A Whiter Shade Of .
. . What?!
David & Ann Blanchard own an hotel up
in Llandudno. It’s a smart place, and
looks bright and cheerful. A photo
sent to me shows it to resemble a nicely iced cake: pink and white and interesting.
But Those-Who-Know-What’s-Best-For-Us have
decided, in their wisdom, that those colours simply won’t do. Conwy Council have ordered the Blanchards to
cover the pink bits with white paint.
Of course, knowing the aesthetically great
taste of Councils all over Wales, I am not surprised that
Jacks-in-Office have been appointed to judge what shade of white must be
Yes, that’s what ratepayers are funding
them to do: decide on the shade of white. Surely these Council experts can only judge
the greynesses of life . . .
Cymraeg is not the easiest language to
learn. The effort, though, is a
mind-stretching experience and should not be missed. I have mentioned efforts in this column
before. And, thanks to readers’ advice
and suggestions, my mastery (not quite the word!) has increased lately.
There’s been a fair bit of information
this week about J.R.R. Tolkien who lectured in Medieval Welsh. Apparently, some to the languages he used in
“The Lord of the Rings” were based – loosely – on Cymraeg.
So make a note in your 2010 Diary that
there’s to be a “Festival Of The Shire” in Machynlleth next August. Could be all sorts of odd folk turning up (I
may well be there, for instance) and it will be an opportunity to promote the
learning of what is, after all, our native language.
Funding And Our NHS
It is a small hospital. The area it serves is nearly totally
rural. The nursing staff is dedicated
The wife of a friend of mine had to go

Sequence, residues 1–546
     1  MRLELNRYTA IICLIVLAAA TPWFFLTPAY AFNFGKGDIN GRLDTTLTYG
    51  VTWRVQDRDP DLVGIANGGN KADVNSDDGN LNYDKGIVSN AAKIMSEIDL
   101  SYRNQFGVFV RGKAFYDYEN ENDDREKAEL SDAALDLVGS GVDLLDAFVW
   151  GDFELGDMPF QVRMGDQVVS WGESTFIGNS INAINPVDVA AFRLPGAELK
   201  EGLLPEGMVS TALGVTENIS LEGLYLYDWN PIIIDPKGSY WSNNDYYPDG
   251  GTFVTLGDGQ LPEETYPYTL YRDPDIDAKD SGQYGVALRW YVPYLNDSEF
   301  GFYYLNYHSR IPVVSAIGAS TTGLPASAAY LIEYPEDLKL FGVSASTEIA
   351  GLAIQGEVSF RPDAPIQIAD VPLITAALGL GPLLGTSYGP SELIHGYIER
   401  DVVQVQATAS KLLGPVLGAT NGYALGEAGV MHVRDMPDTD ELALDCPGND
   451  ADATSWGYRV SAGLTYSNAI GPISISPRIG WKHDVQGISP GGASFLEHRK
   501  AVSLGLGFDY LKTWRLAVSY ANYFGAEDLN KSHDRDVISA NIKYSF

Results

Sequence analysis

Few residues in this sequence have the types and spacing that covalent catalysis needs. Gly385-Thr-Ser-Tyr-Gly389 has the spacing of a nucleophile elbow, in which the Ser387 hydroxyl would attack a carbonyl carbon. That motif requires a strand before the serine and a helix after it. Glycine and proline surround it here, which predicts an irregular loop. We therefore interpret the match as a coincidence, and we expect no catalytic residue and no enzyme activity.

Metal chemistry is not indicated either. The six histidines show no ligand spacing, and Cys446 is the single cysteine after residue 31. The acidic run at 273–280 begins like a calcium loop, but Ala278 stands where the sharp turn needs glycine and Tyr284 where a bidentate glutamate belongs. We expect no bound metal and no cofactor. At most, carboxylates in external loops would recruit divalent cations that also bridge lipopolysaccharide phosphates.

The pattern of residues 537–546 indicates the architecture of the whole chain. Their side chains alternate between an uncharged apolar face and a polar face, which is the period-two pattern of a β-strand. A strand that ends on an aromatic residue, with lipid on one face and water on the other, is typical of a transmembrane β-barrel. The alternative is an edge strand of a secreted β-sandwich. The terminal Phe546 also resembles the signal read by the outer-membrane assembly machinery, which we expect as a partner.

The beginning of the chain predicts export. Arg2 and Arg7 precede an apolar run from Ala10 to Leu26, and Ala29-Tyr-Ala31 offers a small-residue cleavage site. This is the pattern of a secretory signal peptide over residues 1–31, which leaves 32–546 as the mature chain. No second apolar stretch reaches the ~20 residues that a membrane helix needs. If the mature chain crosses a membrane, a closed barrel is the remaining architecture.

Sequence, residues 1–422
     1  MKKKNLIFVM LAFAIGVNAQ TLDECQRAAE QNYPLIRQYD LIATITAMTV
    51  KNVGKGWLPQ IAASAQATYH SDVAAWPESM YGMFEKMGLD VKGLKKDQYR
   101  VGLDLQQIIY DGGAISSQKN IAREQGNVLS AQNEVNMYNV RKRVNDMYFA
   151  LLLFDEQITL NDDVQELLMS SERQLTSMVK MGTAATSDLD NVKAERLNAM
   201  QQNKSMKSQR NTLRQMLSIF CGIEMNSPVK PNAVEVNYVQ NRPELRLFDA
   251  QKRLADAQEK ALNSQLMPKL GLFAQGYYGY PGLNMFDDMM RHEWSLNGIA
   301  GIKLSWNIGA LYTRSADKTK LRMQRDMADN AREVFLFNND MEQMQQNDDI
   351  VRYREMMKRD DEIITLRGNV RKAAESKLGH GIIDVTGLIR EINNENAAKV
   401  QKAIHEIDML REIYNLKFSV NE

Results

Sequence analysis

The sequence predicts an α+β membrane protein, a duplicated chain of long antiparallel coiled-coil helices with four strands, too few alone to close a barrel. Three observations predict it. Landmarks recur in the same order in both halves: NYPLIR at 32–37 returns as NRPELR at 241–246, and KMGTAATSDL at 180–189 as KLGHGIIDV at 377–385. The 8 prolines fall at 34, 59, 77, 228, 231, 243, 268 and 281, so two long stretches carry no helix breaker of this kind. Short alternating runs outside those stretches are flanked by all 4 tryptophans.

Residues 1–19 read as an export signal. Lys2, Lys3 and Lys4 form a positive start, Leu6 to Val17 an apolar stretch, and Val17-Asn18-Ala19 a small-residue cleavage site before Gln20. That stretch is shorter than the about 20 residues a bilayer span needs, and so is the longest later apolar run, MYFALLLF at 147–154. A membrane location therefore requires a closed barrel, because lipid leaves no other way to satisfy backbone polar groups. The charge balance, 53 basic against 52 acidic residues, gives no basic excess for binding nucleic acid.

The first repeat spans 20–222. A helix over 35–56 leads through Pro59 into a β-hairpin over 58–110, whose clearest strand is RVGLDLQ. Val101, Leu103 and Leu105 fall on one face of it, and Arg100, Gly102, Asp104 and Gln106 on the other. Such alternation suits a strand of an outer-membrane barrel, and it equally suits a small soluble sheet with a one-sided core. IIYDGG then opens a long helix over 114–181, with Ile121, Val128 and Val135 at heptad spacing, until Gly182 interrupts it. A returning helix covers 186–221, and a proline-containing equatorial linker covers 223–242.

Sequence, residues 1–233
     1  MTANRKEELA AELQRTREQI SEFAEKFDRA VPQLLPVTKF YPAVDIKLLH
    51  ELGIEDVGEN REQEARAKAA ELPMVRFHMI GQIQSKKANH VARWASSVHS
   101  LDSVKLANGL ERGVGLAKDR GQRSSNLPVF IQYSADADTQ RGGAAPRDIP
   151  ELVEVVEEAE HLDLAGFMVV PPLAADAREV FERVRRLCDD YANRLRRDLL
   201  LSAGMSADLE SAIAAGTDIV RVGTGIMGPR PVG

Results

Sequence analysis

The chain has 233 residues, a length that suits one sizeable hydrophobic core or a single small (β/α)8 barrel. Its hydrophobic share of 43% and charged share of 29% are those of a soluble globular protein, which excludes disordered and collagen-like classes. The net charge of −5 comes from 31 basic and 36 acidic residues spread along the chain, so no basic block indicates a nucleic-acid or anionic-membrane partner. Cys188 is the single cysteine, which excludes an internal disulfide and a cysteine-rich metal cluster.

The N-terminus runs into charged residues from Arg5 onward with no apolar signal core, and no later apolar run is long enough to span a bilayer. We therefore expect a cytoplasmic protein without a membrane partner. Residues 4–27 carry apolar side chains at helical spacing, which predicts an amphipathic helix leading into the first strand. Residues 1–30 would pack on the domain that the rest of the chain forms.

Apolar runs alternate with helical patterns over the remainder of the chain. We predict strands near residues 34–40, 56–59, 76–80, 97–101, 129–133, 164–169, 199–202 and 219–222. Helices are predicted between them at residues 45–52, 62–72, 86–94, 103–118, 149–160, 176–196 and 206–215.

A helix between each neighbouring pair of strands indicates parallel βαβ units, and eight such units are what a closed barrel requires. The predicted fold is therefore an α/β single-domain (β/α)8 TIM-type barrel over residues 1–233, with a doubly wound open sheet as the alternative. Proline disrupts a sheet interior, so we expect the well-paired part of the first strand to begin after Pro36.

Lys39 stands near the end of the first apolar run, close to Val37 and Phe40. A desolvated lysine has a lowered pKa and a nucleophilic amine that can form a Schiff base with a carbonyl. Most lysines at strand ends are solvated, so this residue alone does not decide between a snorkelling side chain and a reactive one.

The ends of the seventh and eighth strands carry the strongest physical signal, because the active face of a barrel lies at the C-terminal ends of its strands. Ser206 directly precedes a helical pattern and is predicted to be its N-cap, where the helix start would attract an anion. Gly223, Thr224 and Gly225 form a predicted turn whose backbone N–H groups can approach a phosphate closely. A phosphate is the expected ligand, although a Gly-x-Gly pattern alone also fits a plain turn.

there for a “routine operation” this week.
On the morning of the op, she and her husband had to get up at 6 a.m.
That was so that they’d be ready to make the 7 o’clock call to ask if
there was a bed available, then – if the answer was “yes” – to drive the
half-hour journey and be there at 8 o’clock.
The answer to the question “Is a bed
available?” was something like “We’re not sure yet, but come in anyway.” So, being of a generation where punctuality
was a virtue, they arrived at the Ward a few minutes early.
They were asked to sit in the
waiting-room. They sat, and they sat,
and they sat. For seven hours they
sat. They sat on basic, bog-standard,
wooden-seated chairs. The lady who was
to have the operation had been told to fast from the previous midnight.
Her husband managed to take a few strolls while his wife remained in the
waiting-room. Neither of them are in
the first flush of youth, that’s for sure.
During their wait, only one person came to
speak with them: the cheery girl who
filled in the admission forms.
Finally, just before three in the
afternoon, the Bed Manager came to them and said the operation would take place
shortly, and that a bed had been found for the lady to spend the night at the
hospital. The understanding and smiling
Manager agreed that, due to lack of staff, being left to just sit without
anyone coming in and seeing if they were alright was not a good thing.
Everyone to whom they spoke in the
hospital that day – patients and staff – agreed that, if Westminster decided to start a war in a foreign
land, the money would be found right away.
But to fund our NHS properly – cash for more facilities, cash for extra
staff – is not a political priority.
Here endeth the lesson on that topic,
except to say that the operation was a success, and hospital staffs cannot
be blamed in the least for NHS inadequacies.
And this very week, our dear Assembly
Health Minister, Edwina Hart, revealed that five million quid has been
allocated to upgrade the Welsh Ambulance Service. A drop in the ocean, perhaps, but it’s a